The current version of this quandary is whether, if the latest ceasefire fails, to arm Ukraine. Proponents think defensive weapons would inflict a cost on Mr Putin for fighting on. But anyone who doubts his tolerance of mass casualties should recall his war in Chechnya. If arms really are to deter him, the West must be united and ready to match his inevitable escalation with still more powerful weapons (along, eventually, with personnel to operate them). Yet the alliance is split over the idea. Mr Putin portrays the war as a Western provocation: arming Ukraine would turn that from fantasy to something like fact, while letting him expose the limits of Western unity and its lack of resolve—prizes he cherishes. If fresh Russian aggression galvanises the alliance, arming Ukraine will become a more potent threat. Until that point, it would backfire.

A better strategy is to eschew his methods and rely on an asset that he, in turn, cannot match: a way of life that people covet. If that seems wishy-washy beside his tanks, remember that the crisis began with Ukrainians’ desire to tilt towards the EU—and Mr Putin’s determination to stop them. Better than arms, the West must urgently give Ukraine as much aid as it needs to build a state and realise that dream (and as much advice as it takes to ensure the cash is not misspent or stolen). The IMF deal announced on February 12th should be only a start. Mr Putin wants Ukraine to be a lesson in the perils of leaning West. It should instead be an exemplar of the rewards.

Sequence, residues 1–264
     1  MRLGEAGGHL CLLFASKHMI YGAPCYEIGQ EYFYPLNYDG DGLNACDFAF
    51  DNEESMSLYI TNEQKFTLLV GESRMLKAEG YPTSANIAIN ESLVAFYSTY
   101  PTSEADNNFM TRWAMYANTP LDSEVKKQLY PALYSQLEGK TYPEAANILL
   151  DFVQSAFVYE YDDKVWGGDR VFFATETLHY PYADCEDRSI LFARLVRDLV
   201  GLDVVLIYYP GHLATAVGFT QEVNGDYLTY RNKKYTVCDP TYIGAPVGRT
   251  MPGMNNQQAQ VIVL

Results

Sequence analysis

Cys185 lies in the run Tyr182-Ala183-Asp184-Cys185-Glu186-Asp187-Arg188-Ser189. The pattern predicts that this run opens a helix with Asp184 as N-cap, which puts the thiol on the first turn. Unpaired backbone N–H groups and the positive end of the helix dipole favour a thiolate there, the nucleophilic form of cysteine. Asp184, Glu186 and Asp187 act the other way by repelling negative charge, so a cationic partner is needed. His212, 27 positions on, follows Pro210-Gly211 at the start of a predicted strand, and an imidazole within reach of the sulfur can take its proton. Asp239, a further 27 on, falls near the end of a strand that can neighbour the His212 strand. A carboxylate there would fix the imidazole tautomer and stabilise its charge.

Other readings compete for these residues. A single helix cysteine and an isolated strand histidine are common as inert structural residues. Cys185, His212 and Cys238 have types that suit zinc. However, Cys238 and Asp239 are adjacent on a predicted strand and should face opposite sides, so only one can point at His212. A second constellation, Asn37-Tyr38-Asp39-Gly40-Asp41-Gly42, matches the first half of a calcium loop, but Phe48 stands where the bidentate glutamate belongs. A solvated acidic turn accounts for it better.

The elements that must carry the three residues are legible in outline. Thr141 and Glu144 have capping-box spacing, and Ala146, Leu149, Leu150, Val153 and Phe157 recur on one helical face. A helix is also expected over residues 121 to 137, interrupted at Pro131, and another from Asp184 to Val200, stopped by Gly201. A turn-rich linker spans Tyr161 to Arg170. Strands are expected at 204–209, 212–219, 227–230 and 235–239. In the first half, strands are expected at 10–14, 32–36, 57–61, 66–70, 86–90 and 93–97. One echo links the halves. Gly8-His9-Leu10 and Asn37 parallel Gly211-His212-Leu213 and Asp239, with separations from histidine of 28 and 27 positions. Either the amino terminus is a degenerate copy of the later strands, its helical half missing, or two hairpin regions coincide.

Just as urgently, those former Soviet countries that have joined Western institutions must be buttressed and reassured. If the case for sending arms to the Donbas is doubtful, that for basing NATO troops in the Baltics is overwhelming, however loudly Mr Putin squeals. Western leaders must make it clear, to him and their own people, that they will defend their allies, and the alliance—even if the struggle is covert and murky.

And it isn’t only its allies who appreciate the West’s virtues. So do many Russians, including shameless Putinists who denounce the West’s decadence but exploit its schools and stockmarkets. It is long past time for every Russian parliamentarian and senior official to join the sanctions list. Far from being relaxed as, after Minsk, fellow-travellers may suggest, sanctions must be tightened—and sanctions-busting curtailed (see page 64). In the end, they will prove a stronger lever than weapons.

At the same time, the West should use every available means to help ordinary Russians, including Russian-sympathisers in the Baltics and Ukraine, learn the bloody, venal truth about Mr Putin. It should let them know that Russia, a great nation dragged down a terrible path, will be embraced when it has rulers who treat the world, and their own people, with respect not contempt, however long that takes.